not a fillet problem, but BOOLEAN! =)

 From:  Michael Gibson
4137.5 In reply to 4137.1 
Hi Chris, I'm not entirely sure what went wrong there, but it looks like these 2 pieces here (shown selected) appear to be just very slightly on different planes:

I extracted the edges around those surfaces and zoomed in and it appears to be just a tiny bit off only on this side here (where the W was at):

When I zoom in really close in the side view that selected edge looks like this:

So it looks like there's a tiny angle between those 2 planar pieces with a bit more deviation on the side where the W was at. If you just select only the R and the main shape and not the W, that seems to boolean union ok without any other tweaking. But the very slight dip on the side of the W seems to be messing up getting that piece unioned. It's a very tiny sized dip, something like 0.0002 units but enough to make it difficult to resolve in that area.

The booleans have to do a lot more work to resolve things that have coincident or nearly coincident surfaces that are overlapping each other, so if you make pieces push through each other instead of being exactly (or nearly as in this case) coincident that will tend to solve issues like this.

Also the filleter does not tend to really like to deal with planes that are split up into multiple fragments like this even if they are completely aligned with each other. So it tends to be better to have just one big plane for areas like this instead of having multiple plane fragment pieces stuck together.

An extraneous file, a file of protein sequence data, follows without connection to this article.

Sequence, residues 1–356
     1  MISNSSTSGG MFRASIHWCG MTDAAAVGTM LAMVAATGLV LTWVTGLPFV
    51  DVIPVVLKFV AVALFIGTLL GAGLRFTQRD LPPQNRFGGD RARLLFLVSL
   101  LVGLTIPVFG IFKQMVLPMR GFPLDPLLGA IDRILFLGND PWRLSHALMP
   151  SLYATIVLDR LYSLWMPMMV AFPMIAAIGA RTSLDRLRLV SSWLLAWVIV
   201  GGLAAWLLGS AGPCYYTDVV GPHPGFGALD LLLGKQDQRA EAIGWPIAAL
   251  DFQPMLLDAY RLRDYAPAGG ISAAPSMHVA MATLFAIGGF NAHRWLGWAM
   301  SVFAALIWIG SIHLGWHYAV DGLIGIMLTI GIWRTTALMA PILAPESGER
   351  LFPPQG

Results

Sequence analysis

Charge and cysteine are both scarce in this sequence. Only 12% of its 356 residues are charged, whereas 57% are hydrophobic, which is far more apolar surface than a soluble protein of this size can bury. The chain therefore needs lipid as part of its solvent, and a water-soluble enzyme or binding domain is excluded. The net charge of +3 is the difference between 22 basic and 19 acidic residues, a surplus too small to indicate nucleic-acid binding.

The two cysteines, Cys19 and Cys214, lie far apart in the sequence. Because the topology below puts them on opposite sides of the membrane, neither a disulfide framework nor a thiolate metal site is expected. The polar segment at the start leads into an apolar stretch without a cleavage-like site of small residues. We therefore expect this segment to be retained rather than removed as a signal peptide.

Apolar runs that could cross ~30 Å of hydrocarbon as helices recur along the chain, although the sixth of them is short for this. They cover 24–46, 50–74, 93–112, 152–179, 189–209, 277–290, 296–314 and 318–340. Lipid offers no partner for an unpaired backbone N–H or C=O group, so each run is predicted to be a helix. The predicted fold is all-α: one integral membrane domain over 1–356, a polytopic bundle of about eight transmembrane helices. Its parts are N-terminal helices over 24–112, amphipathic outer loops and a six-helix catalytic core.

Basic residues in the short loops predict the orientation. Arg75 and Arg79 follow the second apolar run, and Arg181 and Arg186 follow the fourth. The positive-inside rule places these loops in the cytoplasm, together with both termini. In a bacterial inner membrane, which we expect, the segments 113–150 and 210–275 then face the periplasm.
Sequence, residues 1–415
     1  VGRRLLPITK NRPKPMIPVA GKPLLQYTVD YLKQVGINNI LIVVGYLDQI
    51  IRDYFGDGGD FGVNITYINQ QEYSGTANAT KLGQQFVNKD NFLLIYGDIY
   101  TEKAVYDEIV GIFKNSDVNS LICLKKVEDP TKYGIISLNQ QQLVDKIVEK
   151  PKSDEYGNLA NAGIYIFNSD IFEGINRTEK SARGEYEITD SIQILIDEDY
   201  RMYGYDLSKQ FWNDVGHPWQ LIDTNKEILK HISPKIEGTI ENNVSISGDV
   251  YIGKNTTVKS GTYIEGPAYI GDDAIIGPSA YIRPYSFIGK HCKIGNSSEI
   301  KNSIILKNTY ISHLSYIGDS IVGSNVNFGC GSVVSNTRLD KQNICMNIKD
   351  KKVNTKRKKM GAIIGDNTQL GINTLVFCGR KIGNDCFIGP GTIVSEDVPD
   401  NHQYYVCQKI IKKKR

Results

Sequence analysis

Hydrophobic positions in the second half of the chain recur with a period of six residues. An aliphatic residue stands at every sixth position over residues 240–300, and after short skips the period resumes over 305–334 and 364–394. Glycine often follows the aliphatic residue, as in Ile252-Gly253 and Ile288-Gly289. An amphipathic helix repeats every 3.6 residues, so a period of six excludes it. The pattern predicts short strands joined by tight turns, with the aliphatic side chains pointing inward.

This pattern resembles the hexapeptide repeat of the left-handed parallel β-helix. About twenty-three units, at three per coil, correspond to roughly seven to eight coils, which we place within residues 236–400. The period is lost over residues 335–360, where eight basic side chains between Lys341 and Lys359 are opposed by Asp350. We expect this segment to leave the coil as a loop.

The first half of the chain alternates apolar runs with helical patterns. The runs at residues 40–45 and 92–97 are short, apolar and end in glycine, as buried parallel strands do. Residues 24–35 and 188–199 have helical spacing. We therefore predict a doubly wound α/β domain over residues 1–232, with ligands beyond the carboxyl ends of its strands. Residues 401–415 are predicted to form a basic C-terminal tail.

A quick way to tune up areas that have multiple side-by-side planes into just one plane surface is to delete the existing pieces leaving a hole, and then select the object and run Construct > Planar which will fill in planar holes (if they're planar within a 0.001 tolerance which it is in this case even including the little dip) with just one big trimmed plane.

Doing that for your case here (getting just 1 plane in that spot instead of 2 pieces) will also allow the boolean union to work as well, without modifying the letters.

But one of the easiest things you can do if you run into a boolean problem is to get the pieces pushing through each other by a little bit instead of skimming each other.

- Michael